Tempur Seal Int’l, Inc. v. Wondergel, LLC, 2016 WL 1305155, No. 5:16-cv-83 (E.D. Ky. Apr. 1, 2016)
The parties compete to sell mattresses. Wondergel created a comparative ad featuring a Tempurpedic mattress, though not identifying it by name. During the ad, Wondergel’s Goldilocks character “makes derogatory statements about the Tempur-Contour mattress and falls back on to the mattress ‘in a manner and accompanied by a facial expression and sound effects that suggest that the mattress is extremely hard and painful for those who use it.’” This video received over three million views on YouTube.com and over 14 million views on Purple’s Facebook page; it was shared over fifty-three thousand times and also appeared (via a YouTube embed) on Purple’s commercial website, onpurple.com.
|Grimace of pain|
The court granted a TRO against the ad. The objectionable elements came from the image and the dialogue: “Looking for some shoulder pain? Try a hard mattress. It may feel like a rock and put pressure on your hips, but it’s the perfect way to tell your partner: ‘Hey baby, want some arthritis?’” Goldilocks also referred to the hard mattress—a Tempurpedic—as a “prison bed.”
The court found that these statements were likely to be false or misleading. The actor suggested that the mattress caused shoulder pain was “rock hard,” puts pressure on the hips, and may cause arthritis. “The Court has considered Defendants’ argument that the entire commercial is obviously in jest, but the Court unaware of any ‘humor exception’ that would make literally false statements acceptable under the Lanham Act.” These statements “can hardly be considered puffery, as these statements regarding potential negative health effects clearly cross the line beyond what is permissible advertising.” (But would reasonable consumers receive the message that the “hard” mattress was literally hard as a rock, or that it was in fact used in prisons? Also, what is the evidence that the Tempurpedic mattress does not “put pressure on” the hips?) The court was influenced by the negative cast of the comparison, as compared to flattering puffs.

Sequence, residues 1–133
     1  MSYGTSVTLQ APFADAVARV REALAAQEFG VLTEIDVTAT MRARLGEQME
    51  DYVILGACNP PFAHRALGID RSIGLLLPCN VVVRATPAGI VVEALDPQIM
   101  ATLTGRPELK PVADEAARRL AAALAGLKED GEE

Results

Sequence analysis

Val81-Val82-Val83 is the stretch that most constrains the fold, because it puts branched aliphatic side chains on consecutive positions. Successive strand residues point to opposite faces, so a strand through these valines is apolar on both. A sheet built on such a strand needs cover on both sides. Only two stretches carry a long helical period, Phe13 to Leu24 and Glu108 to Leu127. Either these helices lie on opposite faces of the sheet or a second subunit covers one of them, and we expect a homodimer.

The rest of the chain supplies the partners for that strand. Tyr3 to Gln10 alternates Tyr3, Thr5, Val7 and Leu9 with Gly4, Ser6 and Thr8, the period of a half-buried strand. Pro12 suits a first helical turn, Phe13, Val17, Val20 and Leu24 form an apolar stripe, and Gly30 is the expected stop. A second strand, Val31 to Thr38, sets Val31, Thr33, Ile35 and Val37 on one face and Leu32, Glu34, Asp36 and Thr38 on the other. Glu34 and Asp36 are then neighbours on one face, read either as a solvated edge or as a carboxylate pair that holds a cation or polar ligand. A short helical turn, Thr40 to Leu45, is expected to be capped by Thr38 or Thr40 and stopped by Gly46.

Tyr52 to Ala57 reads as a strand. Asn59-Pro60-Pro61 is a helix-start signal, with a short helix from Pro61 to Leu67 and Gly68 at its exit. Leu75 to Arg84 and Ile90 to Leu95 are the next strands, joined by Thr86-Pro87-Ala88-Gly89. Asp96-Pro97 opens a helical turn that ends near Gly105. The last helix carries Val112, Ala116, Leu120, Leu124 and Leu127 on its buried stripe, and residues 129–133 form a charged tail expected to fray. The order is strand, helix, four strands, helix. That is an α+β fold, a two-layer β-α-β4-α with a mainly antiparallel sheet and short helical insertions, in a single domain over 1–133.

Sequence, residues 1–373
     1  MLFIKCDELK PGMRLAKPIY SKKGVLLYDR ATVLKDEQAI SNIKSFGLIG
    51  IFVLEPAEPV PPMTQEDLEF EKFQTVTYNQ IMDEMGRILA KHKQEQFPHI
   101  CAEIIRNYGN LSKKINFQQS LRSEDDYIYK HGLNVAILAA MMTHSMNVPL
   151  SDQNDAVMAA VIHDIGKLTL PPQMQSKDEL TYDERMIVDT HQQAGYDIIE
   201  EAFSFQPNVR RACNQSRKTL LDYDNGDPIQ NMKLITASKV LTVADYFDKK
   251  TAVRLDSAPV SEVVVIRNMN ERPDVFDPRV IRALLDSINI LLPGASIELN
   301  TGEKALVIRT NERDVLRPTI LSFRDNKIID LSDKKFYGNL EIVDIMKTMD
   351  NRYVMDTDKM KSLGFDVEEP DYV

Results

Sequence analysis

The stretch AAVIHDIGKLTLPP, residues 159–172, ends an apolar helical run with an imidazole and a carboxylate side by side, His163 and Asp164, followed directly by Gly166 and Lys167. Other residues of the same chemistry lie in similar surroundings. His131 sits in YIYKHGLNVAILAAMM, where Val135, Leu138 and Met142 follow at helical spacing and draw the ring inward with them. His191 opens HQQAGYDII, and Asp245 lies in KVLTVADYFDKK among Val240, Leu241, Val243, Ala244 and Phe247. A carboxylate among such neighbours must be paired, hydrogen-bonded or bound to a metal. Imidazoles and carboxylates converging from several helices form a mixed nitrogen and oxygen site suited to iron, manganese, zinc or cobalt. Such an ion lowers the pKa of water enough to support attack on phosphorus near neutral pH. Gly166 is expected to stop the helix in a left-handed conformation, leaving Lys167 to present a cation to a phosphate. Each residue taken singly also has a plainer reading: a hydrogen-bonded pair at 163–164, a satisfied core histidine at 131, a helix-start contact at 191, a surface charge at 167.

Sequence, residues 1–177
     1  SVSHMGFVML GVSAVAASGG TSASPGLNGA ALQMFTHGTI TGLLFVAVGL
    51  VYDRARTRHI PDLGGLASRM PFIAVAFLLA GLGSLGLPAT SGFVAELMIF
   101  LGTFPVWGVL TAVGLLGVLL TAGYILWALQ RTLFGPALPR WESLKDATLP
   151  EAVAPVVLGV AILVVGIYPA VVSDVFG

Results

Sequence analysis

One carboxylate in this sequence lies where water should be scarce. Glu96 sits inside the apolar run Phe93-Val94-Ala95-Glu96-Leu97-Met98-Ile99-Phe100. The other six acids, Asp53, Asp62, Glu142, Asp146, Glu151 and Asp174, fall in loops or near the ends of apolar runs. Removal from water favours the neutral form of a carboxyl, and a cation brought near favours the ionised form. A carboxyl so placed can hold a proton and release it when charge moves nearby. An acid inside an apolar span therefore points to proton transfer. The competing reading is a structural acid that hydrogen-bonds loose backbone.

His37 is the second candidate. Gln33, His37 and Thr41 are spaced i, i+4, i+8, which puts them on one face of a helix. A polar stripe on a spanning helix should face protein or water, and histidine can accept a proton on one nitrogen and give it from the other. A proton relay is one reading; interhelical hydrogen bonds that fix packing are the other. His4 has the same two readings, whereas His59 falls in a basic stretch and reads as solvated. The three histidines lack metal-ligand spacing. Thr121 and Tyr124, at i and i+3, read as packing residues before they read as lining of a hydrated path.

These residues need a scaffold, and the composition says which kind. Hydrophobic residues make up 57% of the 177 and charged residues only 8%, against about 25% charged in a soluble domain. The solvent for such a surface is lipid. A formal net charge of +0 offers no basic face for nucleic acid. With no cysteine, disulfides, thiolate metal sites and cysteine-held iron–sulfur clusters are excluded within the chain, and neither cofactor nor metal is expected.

Wondergel argued that the mattress wasn’t sufficiently recognizable as plaintiffs’ product, but plaintiffs provided sufficient evidence of consumer recognition of its trade dress. Also, Purple’s representative stated in a YouTube public comment section that “Tempurpedic was the hard mattress in the video.”
The court presumed irreparable injury from likely success on the merits, a dubious presumption post-eBay, and noted that the Goldilocks video had been “wildly popular.” A TRO wouldn’t block Wondergel from advertising, and would protect the public.